Photograph courtesy of Michael Ford.
Died of Wounds on Wednesday, 19th June 1918, age 33.
Buried in Grave I. A. 38. at Terlincthun British Cemetery, Wimille, Pas De Calais, France.
3rd Bn., Worcestershire Regiment. 74th Brigade of 25th Division.
Formerly 3119 1/7th Worcesters Regiment.
Son of Edward and Mary Ford, of Tipton, Staffordshire.
Born: Tipton, Enlisted: Dudley, Resident: Tipton.
First landed France & Flanders, 31st March 1915.
Medal entitlement: 1914-15 Star, British War Medal, Victory Medal.
Soldier's Papers at National Archives did not survive.
Commemorated on the Tipton Library, and St. Matthew's memorials.
Commemorated here because he appears on a Tipton memorial.
Link to Commonwealth War Graves Site: www.cwgc.org/find-war-dead/casualty/4025342/
Birth of John Ford registered March quarter 1885 in Dudley.
5 Boat Row, Tipton, Staffs.
Edward Ford (44, Cable Link Binder at Chain Works, born Tipton), his wife Mary (45, born Tipton), and their 9 children: Ethel (18, at home, born Tipton), John S (16, Labourer at Chain Works, born Tipton), Mary A (15, at home, born Tipton), Edward (13, Screw Cutter, born Tipton), Charles A (11, born Tipton), Benjamin A (9, born Tipton), William L (7, born Tipton), Mabel (5, born Tipton), and Naomi L (2, born Tipton).
11 Castle Street, Tipton, Staffs.
Edward Ford (54, Cable Chain Maker, born Tipton), his wife Mary (55, born Tipton), and their 9 children: John S (26, Sewing Machine Agent, born Tipton), Charles A (21, Blacksmith's Striker born Tipton), Benjamin A (19, Turner, born Tipton), William L (17, Toolmaker's Assistant, born Tipton), Ethel (28, Domestic help, born Tipton), Mabel (15, Domestic help, born Tipton), and Naomi L (12, School, born Tipton).
James Spear Ford is incorrectly commemorated as JL Ford on the Tipton Library Memorial.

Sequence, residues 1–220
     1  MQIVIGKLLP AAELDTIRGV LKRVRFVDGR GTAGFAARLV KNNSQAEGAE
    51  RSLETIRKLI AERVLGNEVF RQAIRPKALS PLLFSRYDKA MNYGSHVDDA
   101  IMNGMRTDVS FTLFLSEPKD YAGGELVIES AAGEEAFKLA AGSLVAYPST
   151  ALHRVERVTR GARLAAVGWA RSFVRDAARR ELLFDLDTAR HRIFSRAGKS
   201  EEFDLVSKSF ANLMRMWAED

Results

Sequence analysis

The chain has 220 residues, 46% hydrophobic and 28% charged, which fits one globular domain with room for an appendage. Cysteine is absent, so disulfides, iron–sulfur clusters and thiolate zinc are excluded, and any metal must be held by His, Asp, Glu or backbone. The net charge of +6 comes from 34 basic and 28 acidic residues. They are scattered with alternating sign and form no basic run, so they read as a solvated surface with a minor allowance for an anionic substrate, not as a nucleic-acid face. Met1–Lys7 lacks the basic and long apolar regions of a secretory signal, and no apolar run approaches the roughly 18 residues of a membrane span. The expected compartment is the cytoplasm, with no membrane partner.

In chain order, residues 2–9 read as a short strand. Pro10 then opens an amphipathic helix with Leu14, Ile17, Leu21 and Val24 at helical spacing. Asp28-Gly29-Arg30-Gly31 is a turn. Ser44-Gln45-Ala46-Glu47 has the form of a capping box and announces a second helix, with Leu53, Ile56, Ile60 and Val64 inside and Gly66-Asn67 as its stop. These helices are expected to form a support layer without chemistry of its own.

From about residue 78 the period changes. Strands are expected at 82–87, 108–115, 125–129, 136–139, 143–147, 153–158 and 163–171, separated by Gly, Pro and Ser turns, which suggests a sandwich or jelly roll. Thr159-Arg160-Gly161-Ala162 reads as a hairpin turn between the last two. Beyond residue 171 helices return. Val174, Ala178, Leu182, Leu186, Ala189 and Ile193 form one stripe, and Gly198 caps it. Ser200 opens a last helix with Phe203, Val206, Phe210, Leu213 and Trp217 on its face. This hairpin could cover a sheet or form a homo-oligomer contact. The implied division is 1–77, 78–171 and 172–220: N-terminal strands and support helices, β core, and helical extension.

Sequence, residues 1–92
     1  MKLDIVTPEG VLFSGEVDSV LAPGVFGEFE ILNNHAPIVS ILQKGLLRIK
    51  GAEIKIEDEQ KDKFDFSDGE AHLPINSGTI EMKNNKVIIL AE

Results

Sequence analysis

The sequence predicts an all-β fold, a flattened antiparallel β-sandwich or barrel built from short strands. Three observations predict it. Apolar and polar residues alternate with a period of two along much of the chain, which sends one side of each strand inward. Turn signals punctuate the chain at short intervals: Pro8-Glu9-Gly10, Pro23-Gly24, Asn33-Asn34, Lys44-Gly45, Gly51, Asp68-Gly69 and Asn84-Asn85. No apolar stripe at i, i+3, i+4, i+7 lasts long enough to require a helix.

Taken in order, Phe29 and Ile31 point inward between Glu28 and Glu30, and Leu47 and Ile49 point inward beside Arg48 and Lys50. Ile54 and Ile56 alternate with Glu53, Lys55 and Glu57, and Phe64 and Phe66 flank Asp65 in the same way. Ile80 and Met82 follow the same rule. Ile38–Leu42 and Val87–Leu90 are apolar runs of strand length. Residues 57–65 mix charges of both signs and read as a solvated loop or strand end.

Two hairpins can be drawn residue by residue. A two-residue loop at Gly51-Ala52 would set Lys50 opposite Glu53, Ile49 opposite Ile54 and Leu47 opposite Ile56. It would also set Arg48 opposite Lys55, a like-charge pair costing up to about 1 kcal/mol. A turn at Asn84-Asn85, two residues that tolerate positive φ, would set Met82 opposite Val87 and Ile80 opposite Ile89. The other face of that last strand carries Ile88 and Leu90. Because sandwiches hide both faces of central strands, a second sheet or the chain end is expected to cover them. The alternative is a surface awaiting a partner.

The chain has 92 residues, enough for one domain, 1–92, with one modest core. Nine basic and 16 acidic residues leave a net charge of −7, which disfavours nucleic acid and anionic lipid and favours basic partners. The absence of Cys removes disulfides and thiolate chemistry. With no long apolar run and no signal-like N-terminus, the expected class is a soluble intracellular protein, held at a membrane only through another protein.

After James' death, his outstanding army pay and allowances amounted to £13/4/1d (13 pounds, 4 shillings and 1 penny); this was paid to his father and sole legatee, Edward, in October and November 1918. His War Gratuity was £19/0/0d (19 pounds exactly), this was also paid to his father in December 1919. The value of the War Gratuity suggests that James had enlisted in September 1914.
The 3rd Worcesters were in 74th Brigade of 25th Division, and had been heavily involved in attempting to halt the German advance during the 1918 Offensive. They had been involved in the Battles of St Quentin, Bapaume, Estaires, Messines, Bailleul, 1st Kemmel, 2nd Kemmel before moving to the Fisme in the Champagne region in May 1918. This had been a quiet region since 1917 so was to have been the chance to recuperate, but the Battle of the Aisne was about be unleashed.
At 1am on 27 May 1918, a heavy German bombardment with gas and high explosive hit the entire area between the front line on the River Aisne and Fismes itself. The infantry attack began three hours later. The 25th Division was instructed to hold the second line of defence. By 10am, all three Brigades had come under orders of the 21st, 8th and 50th Divisions respectively, which by now were fighting for their lives north of the river. By mid-day the Germans had broken through and crossed the Aisne: the units of 25th Division were thrown piecemeal into action. They were all but destroyed. The remnants of many units were temporarily joined into composite units, fighting a withdrawal as the enemy pressed on many miles. Casualties between 26 May and 14 June amounted to 4338 officers and men, of whom 2511 were missing.
It is not known when John Ford joined the 3rd Worcesters, or when he received the wounds which lead to his death on 19th June, almost 150 miles distant at a Base Hospital. The 27th and 28th May were particularly bad days for the 3rd Worcesters, so this is a possibility but will never be known with certainty.
Birmingham Daily Post 12th November 1917
RANK AND FILE: MIDLANDS MEN.
The following casualties amongst warrant officers, non-commissioned officers, and men are reported under various dates:
WORCESTERSHIRE REGIMENT- Ford, 201036, Cpl., J., (Tipton).